FEas of Saint John the Baptist
Today is, in the Roman Calendar, the Feast of John The Baptist. It is an important day to Catholics particularly those in Quebec, but it is also an important day for music lovers everywhere. It is about as close as possible to the anniversary of The Day Everything Changed in Music. How so? you may well ask. Well, gather around, The story goes a little like this:
About a thousand years ago the Church was facing a crisis. This is of course nothing new: the Church is always facing some sort of crisis. This one had to do with music.
For the first millennium of the Church’s history composers had been creating music to go with every part of the Mass, along with the divine office, and general hymns of praise, and so on. The total of music was immense, and every last bit of it was in danger of being lost forever because no one could write it down. As St Isadore of Seville put it: “Unless sounds are remembered, they perish, for they cannot be written down.” Early attempts at write music at that time consisted of arrow-like markings over the words, indicating if the pitch went up or down, and sometimes elaborate squiggles. However, such markings were mnemonic devices, aimed at helping someone who already knew the piece remember how it went. It would not have been possible for someone who had never before heard the song to pick up a piece so marked and sing it from the page.
Enter the hero of our story, Benedictine monk Guido of Arezzo. Our hero was in charge of teaching music to the young monks in his monastery. While teaching them our hymn for Vespers on the Feast of St. John Baptist, he noticed that each line began on a successive ascending note:
Ut queant laxis
If you take the first syllables on which those ascending notes appeared you have Ut, re, mi, fa, sol, la, and si. If you were to change the “ut” to “do” (pronounced as in “a deer”- a female deer) and “si” to “ti” (as in the drink, goes well with jam and bread, so I’m told, I don’t like jam) you have something familiar to us all. What Guido had done was give the notes names, and names can be written down. The issue was how.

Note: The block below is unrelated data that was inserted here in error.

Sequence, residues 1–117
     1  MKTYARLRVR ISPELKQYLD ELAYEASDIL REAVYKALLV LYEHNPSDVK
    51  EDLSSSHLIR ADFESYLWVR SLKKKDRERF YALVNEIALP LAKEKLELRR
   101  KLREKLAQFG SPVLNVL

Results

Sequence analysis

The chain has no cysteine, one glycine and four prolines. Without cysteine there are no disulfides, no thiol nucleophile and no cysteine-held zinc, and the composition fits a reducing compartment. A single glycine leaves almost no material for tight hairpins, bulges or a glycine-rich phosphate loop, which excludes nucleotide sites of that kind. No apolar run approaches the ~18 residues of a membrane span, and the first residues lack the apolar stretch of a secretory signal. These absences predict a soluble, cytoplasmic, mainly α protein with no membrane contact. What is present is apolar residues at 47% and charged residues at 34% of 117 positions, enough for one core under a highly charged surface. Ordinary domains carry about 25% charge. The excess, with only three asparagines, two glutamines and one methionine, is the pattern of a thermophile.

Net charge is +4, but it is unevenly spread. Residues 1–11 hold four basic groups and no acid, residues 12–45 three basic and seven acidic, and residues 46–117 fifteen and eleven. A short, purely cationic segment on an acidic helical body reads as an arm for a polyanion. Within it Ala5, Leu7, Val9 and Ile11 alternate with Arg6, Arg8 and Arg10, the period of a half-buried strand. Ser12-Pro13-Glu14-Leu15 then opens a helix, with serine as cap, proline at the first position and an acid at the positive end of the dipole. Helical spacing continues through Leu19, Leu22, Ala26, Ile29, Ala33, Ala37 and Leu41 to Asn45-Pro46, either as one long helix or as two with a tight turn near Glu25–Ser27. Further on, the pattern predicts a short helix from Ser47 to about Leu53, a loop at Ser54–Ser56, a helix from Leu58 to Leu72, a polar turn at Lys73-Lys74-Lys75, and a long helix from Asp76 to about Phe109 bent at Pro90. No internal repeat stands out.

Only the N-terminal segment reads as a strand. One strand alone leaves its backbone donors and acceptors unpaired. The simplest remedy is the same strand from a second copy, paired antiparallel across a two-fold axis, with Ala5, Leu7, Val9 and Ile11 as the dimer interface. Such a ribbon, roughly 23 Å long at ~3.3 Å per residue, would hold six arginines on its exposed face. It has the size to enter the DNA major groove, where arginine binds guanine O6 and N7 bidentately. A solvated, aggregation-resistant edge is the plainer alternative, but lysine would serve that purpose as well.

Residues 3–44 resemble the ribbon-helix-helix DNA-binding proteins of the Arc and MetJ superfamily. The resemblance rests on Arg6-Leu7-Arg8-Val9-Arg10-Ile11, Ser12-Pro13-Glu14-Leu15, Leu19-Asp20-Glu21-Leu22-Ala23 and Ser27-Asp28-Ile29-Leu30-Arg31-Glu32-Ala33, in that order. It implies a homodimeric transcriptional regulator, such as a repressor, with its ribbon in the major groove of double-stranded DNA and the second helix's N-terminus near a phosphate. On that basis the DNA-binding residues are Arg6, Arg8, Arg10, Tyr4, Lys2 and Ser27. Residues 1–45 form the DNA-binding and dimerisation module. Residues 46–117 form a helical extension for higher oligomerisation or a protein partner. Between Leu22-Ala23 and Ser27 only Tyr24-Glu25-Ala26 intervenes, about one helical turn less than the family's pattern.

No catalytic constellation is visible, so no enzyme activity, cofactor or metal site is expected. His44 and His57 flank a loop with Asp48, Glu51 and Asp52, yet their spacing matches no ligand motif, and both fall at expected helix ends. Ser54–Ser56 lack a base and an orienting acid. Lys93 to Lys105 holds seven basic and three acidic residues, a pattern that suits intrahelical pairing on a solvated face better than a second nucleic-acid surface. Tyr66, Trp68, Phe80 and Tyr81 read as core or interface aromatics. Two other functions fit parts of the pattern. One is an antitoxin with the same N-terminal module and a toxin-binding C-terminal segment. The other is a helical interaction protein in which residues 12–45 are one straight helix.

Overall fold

Eventually the solution he arrived at was to draw four lines over the words, and mark one line either as “ut” or as “fa” and indicate the notes with square dots placed on the line or space over the word, thus indicating that word’s pitch. And thus the first modern music notation was born.
He also created a method of teaching singers still used today, wherein singers are trained to sing the intervals by having the singers sing the notes out of order, rather like Julie Andrews in Sound of Music, where she teaches them, as Guido did, first the names of the notes, and them how to move between them “so, do, la, fa, mi, re, do- when you know the notes to sing.” And his students could now sing most anything.
The immediate reaction to Guido’s brilliant and workable solution was the reward so often given to those who find think outside of the box and find elegant solutions to complicated problems: He was fired. His bishop was upset that Guido turned novices into professional singers, instead of professional pray-ers. But another bishop of a nearby diocese was quite happy to have professional singers, and brought Guido to his place, where he encouraged Guido to write a book on his method. That book, the Micrologus, came to the attention of the pope, who summoned Guido to Rome to explain and demonstrate his new method. Guido did as told, and the pope, after seeing the method demonstrated, almost immediately ordered all monasteries to adopt Guido’s methods and set down their music. And thus the crisis was ended.
But Guido’s invention stretched far beyond the preservation of Chant. All the music that exists in the West today, whether Polyphony, or Baroque, or Classical, Romantic, Jazz and so on, exists because it could be written down by one writer, and handed over to musicians who could then faithfully reproduce what they saw on the page, even though they had never heard the piece before. And for that, we owe a tremendous debt of gratitude to a simple Benedictine monk, who was simply trying to teach his novices to sing